Tough Times for Pharma Sales Reps. What is Your Mindset?
As a pharmaceutical sales keynote speaker, I know these are not easy times to be a pharmaceutical sales rep. The once glamorous profession is facing greater stresses and more adversity than ever before.
The statistics bear me out. According to ZS Associates, the U.S.-based management consulting firm specializing in the pharmaceutical industry, the industry will have around 60,000 reps this year, down from a sales force of about 100,000 reps in 2005. In addition to the decline in reps, there is a more troubling trend. In 2012 about 65% of physicians were “accessible” to meet with a sales rep but by 2016 the percentage had dropped to barely 44%.
What is going on?
Some industry old-timers might point to the Sun Shine Act of 2007, which started the process of greater transparency, less gift-giving and “bonuses” but that is hardly responsible for present day problems. Market research into attitudes of physicians toward pharmaceutical sales reps confirms what many of you are feeling: the relationship has soured.
In 2017, the healthcare market research firm DRG Digital – Manhattan Research published physician polling data that should be a wake-up call to the industry.
Overcoming the Perception of Being Stale
The research found that more than half of the physicians felt reps showed them information they had seen before. To the practices, most visits were time wasters. Some specialties placed the “staleness problem” even higher. Seven out of ten oncologists and six out of ten dermatologists had a good idea of what reps would present about their drug before the reps ever called on the physicians.
The research also revealed 75% of physicians routinely found what they needed about the drug online and more than half regularly used pharmaceutical digital databases. Unless there was something new to for a rep to offer, the feeling was why bother?
Despite the disappointment of being presented with old information, about 65% of the doctors polled met with their sales reps and six out of ten said they wanted to meet with their pharmaceutical sales reps in the future. They remained optimistic something new might be offered.
Though the use of computer tablets by the reps dramatically dropped between 2013 to 2017, it didn’t mean that tablet presentations were obsolete. Far more important was new information on what organizations offered patients in terms of education and support.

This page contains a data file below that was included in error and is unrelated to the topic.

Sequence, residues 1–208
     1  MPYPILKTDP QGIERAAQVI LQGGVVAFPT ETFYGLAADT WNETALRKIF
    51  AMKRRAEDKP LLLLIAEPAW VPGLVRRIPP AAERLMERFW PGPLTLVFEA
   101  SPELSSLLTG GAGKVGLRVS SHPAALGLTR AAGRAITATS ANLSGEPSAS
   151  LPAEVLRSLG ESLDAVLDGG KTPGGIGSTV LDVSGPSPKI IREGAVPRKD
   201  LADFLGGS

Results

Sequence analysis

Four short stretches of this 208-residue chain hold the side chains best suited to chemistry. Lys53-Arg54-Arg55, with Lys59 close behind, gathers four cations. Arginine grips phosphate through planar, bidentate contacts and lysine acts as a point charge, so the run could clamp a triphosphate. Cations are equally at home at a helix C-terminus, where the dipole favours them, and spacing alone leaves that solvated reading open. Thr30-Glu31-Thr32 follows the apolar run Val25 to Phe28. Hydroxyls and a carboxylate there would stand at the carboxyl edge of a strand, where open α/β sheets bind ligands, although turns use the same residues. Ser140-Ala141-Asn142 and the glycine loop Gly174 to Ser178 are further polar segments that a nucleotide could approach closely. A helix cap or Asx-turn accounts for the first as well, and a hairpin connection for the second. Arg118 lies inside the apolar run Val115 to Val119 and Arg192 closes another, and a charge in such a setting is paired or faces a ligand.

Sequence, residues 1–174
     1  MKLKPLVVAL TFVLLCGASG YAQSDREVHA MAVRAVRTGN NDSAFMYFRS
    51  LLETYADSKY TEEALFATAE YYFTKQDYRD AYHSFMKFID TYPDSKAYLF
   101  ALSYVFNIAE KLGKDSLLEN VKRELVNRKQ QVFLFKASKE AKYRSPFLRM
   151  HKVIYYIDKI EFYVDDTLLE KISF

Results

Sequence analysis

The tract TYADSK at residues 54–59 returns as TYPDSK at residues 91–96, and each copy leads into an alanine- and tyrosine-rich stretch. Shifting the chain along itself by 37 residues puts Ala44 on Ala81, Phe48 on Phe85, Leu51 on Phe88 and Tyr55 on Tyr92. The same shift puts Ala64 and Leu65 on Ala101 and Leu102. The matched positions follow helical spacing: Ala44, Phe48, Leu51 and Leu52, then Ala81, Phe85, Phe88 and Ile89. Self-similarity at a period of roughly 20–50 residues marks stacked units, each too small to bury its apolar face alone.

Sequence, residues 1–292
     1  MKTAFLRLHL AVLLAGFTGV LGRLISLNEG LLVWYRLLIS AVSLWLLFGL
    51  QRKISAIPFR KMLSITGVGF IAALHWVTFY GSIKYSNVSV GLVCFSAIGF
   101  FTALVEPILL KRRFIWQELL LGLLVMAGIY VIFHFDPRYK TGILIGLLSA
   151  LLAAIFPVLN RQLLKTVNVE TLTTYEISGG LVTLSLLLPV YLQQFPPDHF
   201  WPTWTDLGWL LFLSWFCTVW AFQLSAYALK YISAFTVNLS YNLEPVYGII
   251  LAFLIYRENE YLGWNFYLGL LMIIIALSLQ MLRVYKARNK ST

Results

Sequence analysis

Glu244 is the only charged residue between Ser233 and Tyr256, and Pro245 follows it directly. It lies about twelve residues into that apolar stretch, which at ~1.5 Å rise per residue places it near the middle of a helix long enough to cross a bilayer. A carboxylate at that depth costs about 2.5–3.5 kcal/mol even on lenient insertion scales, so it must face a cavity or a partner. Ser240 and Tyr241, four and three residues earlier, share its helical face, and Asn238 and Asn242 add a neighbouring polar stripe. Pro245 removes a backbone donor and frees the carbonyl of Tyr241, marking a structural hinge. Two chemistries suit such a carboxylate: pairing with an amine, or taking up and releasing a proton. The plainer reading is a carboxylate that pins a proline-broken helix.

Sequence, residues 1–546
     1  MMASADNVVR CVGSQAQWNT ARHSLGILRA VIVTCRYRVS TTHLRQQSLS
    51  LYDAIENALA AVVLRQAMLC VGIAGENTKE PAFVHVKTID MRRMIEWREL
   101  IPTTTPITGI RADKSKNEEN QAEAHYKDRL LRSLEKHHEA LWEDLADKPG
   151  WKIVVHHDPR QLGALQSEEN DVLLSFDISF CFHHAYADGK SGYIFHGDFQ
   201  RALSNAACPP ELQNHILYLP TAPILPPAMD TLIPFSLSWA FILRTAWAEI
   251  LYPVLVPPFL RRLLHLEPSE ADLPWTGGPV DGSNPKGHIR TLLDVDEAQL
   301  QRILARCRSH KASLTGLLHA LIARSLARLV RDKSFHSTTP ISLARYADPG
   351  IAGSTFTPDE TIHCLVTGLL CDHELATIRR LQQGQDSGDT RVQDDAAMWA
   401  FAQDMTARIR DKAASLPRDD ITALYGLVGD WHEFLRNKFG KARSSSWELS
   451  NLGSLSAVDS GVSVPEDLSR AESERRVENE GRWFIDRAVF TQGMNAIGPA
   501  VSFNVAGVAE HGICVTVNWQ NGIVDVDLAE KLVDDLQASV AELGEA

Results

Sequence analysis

Overcoming the Communication Gap
Though many of the reps use dedicated health industry software communications platforms, only 12 percent of the physicians polled said they communicated with their reps in that fashion. At the same time, three times as many physicians said they had thought about communicating that way. There is a communication gap.
DRG Digital – Manhattan Research concluded in part that “Sales and marketing teams need to provide a deeper level of support to physicians beyond product promotion and maximizing their investment.”
It comes down to support, education and a commitment to customer service, not just leaving samples and hoping for a prescription quota. In addition, the landscape has shifted to being more adversarial and less welcoming than ever before. Medical and pharmacy students are being taught “resistance techniques” to cope with pressure from sales reps and patients from their earliest days of classwork.
The pharmaceutical sales landscape may be tense with difficulty, but it can be overcome. Physicians want information they can’t get from anyone but you, along with extra-effort support and communication. Will you have the mindset to deliver on their needs and to overcome the adversity of negative perceptions?
For more information on how Pharmaceutical sales representatives can develop techniques to rise above the crowd, contact Scott Burrows, pharmaceutical sales keynote speaker today through this website or call us at: (520) 548-1169